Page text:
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35 Hours

This hasn't been a particularly good year for German unions. First they tried and failed to block Chancellor Schröder's Agenda 2010 within the SPD. And now the IG Metall has called off its strike for the 35 hour work week in the eastern states, which would have harmonized the work week in east and west. This was the first unsuccessful strike for the IG Metall in 49 years.

And last year they were so confident. The new leader of the DGB (National Federation of Labor Unions) Michael Sommer promised a new leftist political course, and his support played a large role in Schröder's re-election. The initial economic program of the new SPD-Green government bore the imprint of the unions. But now reality has set in, and in it is clear the unions had overreached the limits of their political influence. Last week the DGB met with Schröder for the first time since they walked out on him (over Agenda 2010). And now the IG Metall strike has been broken.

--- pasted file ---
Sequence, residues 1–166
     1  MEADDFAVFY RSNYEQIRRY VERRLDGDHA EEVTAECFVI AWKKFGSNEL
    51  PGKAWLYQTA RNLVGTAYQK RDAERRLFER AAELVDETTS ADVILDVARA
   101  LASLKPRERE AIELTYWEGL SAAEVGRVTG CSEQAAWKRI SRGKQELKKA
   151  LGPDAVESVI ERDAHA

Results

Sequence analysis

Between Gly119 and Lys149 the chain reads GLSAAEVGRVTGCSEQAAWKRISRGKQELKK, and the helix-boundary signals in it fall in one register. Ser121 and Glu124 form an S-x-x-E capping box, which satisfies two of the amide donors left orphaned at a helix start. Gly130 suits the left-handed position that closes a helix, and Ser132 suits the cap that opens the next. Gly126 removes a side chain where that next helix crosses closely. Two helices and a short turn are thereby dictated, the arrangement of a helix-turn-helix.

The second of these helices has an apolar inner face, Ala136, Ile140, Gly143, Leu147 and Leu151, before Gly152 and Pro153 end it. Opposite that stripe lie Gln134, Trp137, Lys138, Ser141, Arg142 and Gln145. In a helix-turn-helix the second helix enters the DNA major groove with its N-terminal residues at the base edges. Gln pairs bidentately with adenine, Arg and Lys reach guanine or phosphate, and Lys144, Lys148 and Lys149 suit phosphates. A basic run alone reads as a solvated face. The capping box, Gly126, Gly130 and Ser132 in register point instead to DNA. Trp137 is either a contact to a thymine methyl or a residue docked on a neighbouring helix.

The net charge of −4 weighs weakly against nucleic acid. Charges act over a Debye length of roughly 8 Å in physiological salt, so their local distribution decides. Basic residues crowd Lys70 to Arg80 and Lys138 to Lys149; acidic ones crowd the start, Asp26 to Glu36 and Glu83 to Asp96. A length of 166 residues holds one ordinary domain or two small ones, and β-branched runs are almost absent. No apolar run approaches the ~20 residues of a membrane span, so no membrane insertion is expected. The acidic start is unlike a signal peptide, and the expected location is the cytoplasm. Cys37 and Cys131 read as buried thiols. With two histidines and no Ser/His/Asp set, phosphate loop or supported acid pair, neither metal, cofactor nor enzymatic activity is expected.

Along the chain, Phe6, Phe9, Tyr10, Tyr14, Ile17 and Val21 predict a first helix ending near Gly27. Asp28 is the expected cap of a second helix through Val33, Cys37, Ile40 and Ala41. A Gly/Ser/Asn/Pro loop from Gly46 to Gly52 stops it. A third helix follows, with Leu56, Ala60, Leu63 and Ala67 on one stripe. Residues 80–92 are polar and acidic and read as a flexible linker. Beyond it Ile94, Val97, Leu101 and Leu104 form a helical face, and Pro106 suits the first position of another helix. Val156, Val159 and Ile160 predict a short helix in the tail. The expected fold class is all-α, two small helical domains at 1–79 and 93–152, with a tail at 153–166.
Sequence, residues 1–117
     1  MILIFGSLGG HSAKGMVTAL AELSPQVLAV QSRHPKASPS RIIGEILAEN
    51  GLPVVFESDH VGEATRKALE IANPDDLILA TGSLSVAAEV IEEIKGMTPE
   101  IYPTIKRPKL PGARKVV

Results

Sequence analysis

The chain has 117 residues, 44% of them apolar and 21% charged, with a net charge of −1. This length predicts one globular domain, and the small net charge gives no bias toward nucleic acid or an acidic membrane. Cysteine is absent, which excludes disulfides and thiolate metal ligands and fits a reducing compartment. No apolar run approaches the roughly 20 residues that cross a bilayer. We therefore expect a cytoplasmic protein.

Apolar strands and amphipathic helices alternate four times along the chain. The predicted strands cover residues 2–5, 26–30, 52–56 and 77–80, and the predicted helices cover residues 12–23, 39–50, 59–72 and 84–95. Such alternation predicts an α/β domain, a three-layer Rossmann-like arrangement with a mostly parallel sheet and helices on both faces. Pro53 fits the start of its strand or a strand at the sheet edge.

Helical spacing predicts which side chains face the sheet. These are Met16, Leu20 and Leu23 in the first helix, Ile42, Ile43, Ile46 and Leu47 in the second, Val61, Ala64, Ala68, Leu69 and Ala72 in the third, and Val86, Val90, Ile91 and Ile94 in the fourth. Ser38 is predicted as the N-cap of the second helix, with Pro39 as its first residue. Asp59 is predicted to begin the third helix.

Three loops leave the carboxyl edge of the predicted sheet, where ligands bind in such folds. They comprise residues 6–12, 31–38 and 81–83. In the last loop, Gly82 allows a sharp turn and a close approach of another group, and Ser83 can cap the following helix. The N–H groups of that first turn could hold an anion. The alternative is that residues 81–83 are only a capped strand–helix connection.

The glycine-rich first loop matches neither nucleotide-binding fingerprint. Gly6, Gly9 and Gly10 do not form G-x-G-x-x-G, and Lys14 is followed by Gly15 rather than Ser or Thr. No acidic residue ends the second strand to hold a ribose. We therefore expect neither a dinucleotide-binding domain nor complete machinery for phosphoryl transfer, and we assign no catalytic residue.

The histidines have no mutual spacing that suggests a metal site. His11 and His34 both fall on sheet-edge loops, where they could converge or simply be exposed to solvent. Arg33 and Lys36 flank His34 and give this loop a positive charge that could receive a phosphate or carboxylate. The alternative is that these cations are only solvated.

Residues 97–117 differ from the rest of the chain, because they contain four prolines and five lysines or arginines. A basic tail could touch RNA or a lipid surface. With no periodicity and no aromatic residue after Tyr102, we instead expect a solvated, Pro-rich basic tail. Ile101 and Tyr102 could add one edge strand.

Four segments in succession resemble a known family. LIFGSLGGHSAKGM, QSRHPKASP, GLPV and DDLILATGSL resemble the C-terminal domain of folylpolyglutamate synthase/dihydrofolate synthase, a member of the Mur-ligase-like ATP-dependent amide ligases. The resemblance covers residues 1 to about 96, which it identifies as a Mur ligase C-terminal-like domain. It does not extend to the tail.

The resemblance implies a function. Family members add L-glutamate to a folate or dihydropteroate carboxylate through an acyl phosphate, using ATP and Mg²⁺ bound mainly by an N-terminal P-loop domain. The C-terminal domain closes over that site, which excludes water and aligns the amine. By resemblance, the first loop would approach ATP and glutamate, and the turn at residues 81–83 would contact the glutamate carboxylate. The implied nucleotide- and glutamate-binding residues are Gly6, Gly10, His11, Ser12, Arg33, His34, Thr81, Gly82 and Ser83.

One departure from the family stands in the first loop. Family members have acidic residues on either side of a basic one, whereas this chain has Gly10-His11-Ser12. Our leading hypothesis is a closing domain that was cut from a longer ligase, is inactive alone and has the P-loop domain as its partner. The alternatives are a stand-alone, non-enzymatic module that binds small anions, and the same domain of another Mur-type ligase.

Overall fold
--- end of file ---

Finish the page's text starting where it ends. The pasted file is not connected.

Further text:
Eamonn Fitzgerald discusses some of the reasons this strike failed (and why it was total nonsense to begin with). But it could be more significant as beginning of the end of the FlÀchentarif, the blanket industry-wide agreements that are the hallmark of German labor. This would mean companies and employees would be able to negotiate more flexible individual agreements rather than adopting a rigid national contract. And unions would be able to truly represent their members in the workplace rather than pursuing national political agendas.

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